Concerning Julian Assange

March 2, 2020

I posted to Facebook yesterday a link to an article by Caitlin Johnstone, an Australian political blogger who enjoys a deservedly large and devoted following; her article bears the title, This Assange “Trial” is a Self-Contradictory Kafkaesque Nightmare. Yesterday, a friend of mine posted the following questions:

why, peter? with whom does the buck stop?

This afternoon, I replied to these questions as follows:

Why: Because Assange, through his organization WikiLeaks, exposed the crimes of empire, and empires commonly act viciously against those who expose their illegal actions and attempt to crush them by all means at their disposal.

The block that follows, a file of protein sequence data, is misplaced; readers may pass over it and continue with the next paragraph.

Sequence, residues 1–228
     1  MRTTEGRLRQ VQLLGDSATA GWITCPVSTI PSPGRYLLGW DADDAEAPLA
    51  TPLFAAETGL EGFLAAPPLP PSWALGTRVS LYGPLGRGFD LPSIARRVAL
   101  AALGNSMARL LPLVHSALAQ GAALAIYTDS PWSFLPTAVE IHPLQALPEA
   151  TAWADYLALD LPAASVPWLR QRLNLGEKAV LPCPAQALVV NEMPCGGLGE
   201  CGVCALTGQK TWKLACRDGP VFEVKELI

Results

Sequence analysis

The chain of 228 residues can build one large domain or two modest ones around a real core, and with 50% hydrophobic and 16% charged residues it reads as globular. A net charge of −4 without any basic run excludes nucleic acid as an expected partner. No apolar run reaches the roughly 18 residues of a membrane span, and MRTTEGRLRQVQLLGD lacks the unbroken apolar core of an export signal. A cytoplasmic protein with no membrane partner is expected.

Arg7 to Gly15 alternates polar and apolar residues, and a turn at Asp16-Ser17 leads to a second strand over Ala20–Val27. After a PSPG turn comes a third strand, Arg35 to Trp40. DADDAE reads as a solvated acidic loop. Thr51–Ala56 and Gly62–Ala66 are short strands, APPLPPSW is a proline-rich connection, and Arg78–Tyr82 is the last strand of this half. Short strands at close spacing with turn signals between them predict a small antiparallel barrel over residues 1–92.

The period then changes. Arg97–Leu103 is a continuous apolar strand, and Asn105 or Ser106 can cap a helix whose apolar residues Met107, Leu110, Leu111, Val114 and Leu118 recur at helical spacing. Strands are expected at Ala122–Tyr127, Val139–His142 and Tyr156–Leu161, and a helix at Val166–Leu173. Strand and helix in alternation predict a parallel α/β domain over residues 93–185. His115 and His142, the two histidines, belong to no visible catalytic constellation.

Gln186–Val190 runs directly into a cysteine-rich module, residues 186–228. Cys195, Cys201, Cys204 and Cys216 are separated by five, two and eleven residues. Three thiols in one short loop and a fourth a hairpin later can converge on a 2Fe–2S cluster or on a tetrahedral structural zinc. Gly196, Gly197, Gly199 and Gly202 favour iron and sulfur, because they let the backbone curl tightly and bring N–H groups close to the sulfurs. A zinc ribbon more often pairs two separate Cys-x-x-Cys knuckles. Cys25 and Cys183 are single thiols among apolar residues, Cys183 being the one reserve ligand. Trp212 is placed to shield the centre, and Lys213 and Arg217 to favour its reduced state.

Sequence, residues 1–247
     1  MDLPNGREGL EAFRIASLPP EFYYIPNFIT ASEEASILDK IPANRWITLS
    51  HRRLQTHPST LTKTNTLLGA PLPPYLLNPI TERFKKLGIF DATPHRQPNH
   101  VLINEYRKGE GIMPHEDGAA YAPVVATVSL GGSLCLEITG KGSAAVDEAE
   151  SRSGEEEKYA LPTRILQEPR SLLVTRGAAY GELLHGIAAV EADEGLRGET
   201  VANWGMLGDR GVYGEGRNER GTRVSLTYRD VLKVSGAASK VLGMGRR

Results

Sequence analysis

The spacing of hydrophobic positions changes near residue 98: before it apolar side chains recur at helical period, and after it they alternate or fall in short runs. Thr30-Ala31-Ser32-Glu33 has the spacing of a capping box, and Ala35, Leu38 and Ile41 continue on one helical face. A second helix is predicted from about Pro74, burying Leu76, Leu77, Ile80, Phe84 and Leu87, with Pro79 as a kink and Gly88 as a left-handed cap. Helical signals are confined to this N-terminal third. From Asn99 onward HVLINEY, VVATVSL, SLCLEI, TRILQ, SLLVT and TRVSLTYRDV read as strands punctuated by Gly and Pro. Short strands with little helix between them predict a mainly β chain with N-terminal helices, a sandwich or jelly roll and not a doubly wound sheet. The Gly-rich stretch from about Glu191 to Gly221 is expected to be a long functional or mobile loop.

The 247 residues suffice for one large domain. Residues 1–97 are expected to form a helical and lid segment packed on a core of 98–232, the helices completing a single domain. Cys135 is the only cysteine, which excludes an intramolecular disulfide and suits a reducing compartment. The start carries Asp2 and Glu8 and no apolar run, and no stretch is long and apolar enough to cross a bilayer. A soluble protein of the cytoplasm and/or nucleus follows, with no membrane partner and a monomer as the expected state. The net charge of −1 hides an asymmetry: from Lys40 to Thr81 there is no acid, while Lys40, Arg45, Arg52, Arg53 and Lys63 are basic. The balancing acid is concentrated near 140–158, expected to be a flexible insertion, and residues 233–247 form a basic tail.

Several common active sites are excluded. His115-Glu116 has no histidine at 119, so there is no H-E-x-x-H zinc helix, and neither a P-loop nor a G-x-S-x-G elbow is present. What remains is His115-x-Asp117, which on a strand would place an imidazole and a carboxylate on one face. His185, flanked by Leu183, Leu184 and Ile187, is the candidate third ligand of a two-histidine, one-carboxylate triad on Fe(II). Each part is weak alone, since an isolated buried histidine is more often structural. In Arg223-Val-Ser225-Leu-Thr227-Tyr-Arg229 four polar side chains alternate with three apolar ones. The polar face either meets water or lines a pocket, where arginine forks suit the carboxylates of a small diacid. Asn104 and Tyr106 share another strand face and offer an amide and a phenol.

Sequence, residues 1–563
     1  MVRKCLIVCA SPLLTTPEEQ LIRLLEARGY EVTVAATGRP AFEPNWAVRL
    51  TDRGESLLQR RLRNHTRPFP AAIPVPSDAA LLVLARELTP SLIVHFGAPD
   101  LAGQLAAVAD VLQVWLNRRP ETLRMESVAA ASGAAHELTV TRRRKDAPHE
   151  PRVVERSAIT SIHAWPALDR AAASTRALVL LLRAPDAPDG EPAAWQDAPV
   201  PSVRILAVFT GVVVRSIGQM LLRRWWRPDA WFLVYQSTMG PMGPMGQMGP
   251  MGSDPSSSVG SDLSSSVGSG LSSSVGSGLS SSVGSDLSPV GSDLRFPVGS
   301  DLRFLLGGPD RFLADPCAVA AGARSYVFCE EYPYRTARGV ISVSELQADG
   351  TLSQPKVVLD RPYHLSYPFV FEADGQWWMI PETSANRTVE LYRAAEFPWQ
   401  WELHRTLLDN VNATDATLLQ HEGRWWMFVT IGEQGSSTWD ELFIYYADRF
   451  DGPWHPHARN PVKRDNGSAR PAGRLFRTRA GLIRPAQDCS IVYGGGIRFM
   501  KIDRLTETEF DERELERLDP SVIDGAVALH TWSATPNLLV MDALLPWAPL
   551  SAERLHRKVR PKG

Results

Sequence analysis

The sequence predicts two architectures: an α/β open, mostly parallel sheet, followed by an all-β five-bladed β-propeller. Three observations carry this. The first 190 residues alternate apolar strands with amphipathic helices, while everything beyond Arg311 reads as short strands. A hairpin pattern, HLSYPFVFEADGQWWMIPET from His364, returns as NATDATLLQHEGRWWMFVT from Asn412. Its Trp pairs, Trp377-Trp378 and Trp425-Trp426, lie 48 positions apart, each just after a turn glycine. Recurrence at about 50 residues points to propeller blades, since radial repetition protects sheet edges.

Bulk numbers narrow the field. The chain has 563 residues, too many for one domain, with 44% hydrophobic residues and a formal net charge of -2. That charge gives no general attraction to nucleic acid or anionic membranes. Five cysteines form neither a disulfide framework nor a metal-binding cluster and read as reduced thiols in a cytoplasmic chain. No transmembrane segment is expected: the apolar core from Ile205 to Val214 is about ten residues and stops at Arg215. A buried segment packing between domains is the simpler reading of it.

With whom does the buck stop? If by this you mean, who bears final responsibility, we all, in some sense, bear a responsibility since, theoretically at least, we live under a government of laws that is supposed to be answerable to the governed; if the governed, through sloth, ignorance, apathy, and cowardice, don’t hold their governments to account, they bear a share of the guilt for what their governments do. But, more specifically, both the Obama and the Trump administrations have pursued Assange with a vengeance; many past and present members of the US government have publicly expressed a wish to see Julian Assange dead, and the UK government seems to be doing everything it can to oblige them; the Australian government bears a great share of the blame for doing nothing to secure the legal rights of its citizen; the Swedish government bears a share of the blame for having (doubtless in obedience to directives from Washington) set up the false rape charges that provided the initial legal pretext for Assange’s arrest; the current President of Ecuador, Lenin Moreno, is culpable for having rescinded Assange’s political asylum that had been granted under Ecuador’s previous administration; and the media, and in particular the UK paper The Guardian, which published and profited from Wikileaks’ exposures of crime, is grossly culpable; it is journalism that is supposed to keep citizens informed of what their governments are doing so that society can function freely; Assange admirably fulfilled that function of a true journalist, and the media in general, having been shown up by Assange to be largely a tribe of shills and lackeys, are now quite happy to throw Assange to the wolves, even if it means that investigative journalism is henceforth to be legally proscribed: you can now be sent to a gulag for life for exposing crimes committed by the American or British governments, and, clearly, the brutal treatment accorded to Assange by the British prison system and by Judge Vanessa Baraitser is intended to send a message to any prospective whistleblower: any publication of government secrets will henceforth be treated as a crime against the State. That is what this Assange case is all about; it is the most important legal case on freedom of the press in our lifetimes.